Big hugs!!!

Nancy & the boys

Kristy said...


That was about the sweetest message in the whole world. You have been such a great, supportive, always encouraging friend. And I appreciate it so much. Thank you. Give Jackson a big hug from Sophie.

Anonymous said...

Yay! That is truly a miracle.

My daughter was on a g-tube from birth 'til age 3. The day it came out was the greatest day of our lives.


Anonymous said...

Kristy, I read your blog from time to time, and just read this post today! I was crying and freaking out (on the inside) right along with you. It gives me such hope for Oliver. He, blessedly, is over the rocket vomit stage, it appears. But it's a trade off, now he just doesn't eat at all, usually. We had a blissful August when he was not vomiting AND eating everything I put in his mouth, but alas, it was just a phase. Now, any day he eats anything is a good day.

Congratulations on all your hard work paying off. I truly know how it feels to see a goal met that you wondered if it ever would be. You are such an amazing mom, and an inspiration to the rest of us.


Anonymous said...

WOW!!!! It truly is a miracle!! Your post made me cry! I am so THRILLED for you!!!!!! Way to go, SOPHIE!!


Kristy said...


Hang in there. If Sophie can reach this point, I'm convinced any of our little GERDlings can! Seriously. We never thought we would see the day when the vomiting would all but stop and EATING would start!! I get teary every single time I see her eating so well...so happily...so easily. It's such an amazing blessing.


Good to hear from you. Man, it's been way too long since I've checked in with the group. All of our kiddos are getting so big!

Thanks for writing, guys. And for rejoicing with us in this miracle. Only you guys can TOTALLY understand the joy we're feeling.


Kristie said...

Kristy, do you happen to have a email address for Janice? I wander how little Evan is doing these days.

Anonymous said...

Kristy & Russ,

I am sooo thrilled for you and Sophie! I'm only sorry it took me so long to get around to reading your good news. I will try to let all at Grace Church know as many of us have been praying all these years. Is this a maturity thing or was all the therapy having a great affect? Help me to understand the process. I love you guys and am so very happy for you.


Kristy said...

Hey Connie,

Great to hear from you!

No, the therapy was a no-go. After a year and a half of working with the OT and feeding therapist, she hadn't made any progress. She would still gag and vomit whenever she tried to eat something. And she was pretty stubborn in her reaction to how they tried to feed her. She would resort back to her old tricks - clenching her jaw closed, pocketing food in her cheeks, crying, gagging. It just wasn't helping, and at times I really felt it was taking us the opposite direction - doing more harm than good.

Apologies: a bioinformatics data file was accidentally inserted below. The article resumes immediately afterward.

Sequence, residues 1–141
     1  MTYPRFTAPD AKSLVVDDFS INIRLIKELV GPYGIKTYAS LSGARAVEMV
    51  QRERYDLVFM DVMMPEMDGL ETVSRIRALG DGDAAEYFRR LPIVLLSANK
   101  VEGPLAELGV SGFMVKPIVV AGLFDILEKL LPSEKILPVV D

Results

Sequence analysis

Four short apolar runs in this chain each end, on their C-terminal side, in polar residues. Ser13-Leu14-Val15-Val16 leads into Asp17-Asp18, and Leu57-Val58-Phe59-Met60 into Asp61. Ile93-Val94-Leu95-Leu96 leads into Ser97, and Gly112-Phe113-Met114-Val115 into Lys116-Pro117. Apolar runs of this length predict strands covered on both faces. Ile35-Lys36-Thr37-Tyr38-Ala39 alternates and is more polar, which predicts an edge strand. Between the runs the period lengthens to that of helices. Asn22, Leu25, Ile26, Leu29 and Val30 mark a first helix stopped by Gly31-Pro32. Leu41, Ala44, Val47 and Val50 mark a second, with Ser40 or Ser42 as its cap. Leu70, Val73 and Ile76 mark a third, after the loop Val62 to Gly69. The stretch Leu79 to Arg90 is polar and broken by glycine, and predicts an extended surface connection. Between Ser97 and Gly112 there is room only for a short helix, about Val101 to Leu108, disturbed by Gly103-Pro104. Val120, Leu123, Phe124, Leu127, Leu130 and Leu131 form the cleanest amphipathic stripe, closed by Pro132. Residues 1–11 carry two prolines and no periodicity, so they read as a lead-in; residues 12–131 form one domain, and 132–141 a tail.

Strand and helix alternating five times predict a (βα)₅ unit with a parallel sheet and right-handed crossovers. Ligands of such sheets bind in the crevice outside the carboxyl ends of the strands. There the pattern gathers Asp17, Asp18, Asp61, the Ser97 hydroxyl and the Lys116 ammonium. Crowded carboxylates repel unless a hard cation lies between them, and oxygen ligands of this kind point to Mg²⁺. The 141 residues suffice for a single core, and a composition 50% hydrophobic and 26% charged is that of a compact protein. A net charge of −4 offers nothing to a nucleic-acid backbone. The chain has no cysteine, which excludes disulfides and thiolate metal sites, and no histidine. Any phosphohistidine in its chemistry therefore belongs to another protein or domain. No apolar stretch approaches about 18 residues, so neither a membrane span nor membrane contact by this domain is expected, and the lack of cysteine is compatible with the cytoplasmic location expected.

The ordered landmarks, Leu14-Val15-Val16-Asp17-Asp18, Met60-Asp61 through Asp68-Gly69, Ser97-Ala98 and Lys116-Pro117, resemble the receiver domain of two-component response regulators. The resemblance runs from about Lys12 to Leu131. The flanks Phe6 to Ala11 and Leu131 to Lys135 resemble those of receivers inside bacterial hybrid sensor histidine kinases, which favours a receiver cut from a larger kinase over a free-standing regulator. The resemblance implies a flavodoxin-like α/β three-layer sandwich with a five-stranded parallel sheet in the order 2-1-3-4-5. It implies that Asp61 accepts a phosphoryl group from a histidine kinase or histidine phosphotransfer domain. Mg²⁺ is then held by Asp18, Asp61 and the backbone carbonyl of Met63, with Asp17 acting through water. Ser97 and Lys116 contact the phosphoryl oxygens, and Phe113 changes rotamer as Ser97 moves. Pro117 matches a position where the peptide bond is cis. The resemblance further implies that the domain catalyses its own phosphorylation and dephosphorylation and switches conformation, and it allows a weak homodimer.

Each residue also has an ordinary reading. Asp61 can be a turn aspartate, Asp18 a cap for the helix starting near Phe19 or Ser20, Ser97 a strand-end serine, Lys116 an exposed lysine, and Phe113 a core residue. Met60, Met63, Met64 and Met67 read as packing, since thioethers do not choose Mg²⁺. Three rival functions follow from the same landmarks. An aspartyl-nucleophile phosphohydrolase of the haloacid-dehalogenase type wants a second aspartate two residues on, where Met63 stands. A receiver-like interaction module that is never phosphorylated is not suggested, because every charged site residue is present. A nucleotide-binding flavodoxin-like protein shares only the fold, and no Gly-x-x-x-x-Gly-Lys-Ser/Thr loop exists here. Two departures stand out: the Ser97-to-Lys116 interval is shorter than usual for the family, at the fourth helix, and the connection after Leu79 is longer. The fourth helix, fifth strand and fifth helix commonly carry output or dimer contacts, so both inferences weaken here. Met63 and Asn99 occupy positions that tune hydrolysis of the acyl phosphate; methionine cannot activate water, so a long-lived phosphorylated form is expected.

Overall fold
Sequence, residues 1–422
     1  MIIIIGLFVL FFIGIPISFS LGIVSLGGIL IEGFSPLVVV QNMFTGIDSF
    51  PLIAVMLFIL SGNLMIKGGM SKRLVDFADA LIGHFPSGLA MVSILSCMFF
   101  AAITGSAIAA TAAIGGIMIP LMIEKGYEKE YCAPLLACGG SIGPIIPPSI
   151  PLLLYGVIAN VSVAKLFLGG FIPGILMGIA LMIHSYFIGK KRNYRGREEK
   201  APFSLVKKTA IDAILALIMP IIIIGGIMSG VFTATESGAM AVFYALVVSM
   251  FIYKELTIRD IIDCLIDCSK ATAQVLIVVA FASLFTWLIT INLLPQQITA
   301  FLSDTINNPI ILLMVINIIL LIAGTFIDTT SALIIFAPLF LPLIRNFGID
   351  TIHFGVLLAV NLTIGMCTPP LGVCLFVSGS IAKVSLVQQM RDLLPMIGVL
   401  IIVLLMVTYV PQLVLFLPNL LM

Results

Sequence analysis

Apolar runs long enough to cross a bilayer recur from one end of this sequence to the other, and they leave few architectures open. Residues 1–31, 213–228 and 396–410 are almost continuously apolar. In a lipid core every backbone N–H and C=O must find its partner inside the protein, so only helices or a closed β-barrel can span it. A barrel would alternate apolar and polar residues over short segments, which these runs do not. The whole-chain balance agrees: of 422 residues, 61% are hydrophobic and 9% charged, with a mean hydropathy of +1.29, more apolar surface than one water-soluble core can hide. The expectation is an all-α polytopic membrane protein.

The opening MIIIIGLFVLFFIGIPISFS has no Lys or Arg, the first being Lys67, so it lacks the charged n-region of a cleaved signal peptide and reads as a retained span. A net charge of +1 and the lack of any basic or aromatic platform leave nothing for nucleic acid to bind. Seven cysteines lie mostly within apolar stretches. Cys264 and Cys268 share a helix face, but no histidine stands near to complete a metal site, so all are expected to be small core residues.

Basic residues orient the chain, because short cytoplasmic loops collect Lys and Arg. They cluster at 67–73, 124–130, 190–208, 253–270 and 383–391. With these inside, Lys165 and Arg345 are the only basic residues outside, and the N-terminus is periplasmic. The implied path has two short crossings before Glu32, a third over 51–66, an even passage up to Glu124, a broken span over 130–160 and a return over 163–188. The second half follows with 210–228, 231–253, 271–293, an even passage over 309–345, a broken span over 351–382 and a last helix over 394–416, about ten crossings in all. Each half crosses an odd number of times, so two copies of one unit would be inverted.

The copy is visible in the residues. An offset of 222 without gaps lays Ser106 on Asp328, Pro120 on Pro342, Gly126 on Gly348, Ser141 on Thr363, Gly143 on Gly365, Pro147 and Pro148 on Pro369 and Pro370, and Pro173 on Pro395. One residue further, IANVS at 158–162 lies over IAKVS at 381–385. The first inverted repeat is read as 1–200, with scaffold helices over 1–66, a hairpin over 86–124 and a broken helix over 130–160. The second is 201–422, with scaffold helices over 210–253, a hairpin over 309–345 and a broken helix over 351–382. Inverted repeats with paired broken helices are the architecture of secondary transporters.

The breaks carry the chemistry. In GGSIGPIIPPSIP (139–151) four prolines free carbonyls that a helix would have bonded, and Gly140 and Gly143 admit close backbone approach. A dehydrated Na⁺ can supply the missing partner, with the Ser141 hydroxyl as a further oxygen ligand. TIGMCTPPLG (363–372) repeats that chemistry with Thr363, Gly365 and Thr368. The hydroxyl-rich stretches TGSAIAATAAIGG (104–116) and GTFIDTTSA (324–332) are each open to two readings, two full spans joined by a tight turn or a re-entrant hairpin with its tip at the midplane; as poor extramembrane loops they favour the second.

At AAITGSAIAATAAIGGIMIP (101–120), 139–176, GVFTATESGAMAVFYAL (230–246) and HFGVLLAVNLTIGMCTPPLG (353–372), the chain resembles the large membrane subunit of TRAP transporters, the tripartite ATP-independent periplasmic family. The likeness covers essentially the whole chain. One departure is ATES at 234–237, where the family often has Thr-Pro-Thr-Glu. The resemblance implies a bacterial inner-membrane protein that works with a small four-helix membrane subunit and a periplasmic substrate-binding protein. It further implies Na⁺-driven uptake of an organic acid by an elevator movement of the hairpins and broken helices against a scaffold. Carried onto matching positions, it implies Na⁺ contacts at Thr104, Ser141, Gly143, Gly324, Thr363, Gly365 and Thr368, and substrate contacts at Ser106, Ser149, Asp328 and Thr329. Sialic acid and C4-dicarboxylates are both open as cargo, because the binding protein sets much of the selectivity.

For the most part (as best I can tell), her progress is due in large part to a maturity thing. She hasn't been refluxing NEAR as much these past several months. I think that, more than anything, has allowed her esophageal tone to improve. When she was vomiting non-stop, everything in her GI tract was just so loose. Now that the refluxing has calmed down, those muscles and sphincters have tightened up quite a bit. She's not uncomfortable and scared to eat, like she always has been.

Since the vomiting has been reduced, her interest in eating has increased. Now she WANTS to eat. Teeny tiny bites (which for FOREVER she just chewed and spit out), now she can swallow. It still takes her a long time to eat something (of any substantial quantity)...

But, praise God, she's EATING!! It's amazing. Thank you for praying so diligently over the years, and please thank everyone at Grace for us as well.

Much love.

Anonymous said...


I wanted to also say how WONDERFUL this is! I can't imagine what you have been through. I do not think I could deal with it at all as well as you have. I enjoy reading your blog. You are so funny and have such a great way of looking at things and finding the good in the bad even!

Not many people can do that..

I bet Sophie is so proud of herself and so happy too. What a christmas present for your whole family!

Amy and the boys

Anonymous said...

Again I am so glad I found this blog. Maybe it will give me some ideas to help my little one.

People would always tell me "Oh she'll eat when she is hungry." They didn't get that my baby like sophie did NOT want to eat. She has finally got to the point that she doesn't scream through the whole bottle. If I would have let her eat when she wanted, she would have never eaten.


Anonymous said...

hi, i'm happy to have found this blog. I have a 5 year old girl who is 100% g tube fed due to severe esophageal dysmotility, GERD and swallowing issues. She cannot safely eat or drink, her esophageal issues and swallowing issues cause her to (silently) aspirate. We have been praying that one day she will be able to eat but whenever we try to give her little bits of purees she clearly struggles and coughs and sputters. I am desperate to connect with anyone who is going through similar stories to offer some kind of advice and hope. I am so happy your daughter is eating.

Ruth of fat loss for idiots said...

Thanks for your post. Your excitement is pure and note-worthy.

I shared your article with a few friends who are waiting for the same moment. They can't believe that someone is as pumped up as they are :)

Thank God for all the blessings. And may He pour down more for you and your family.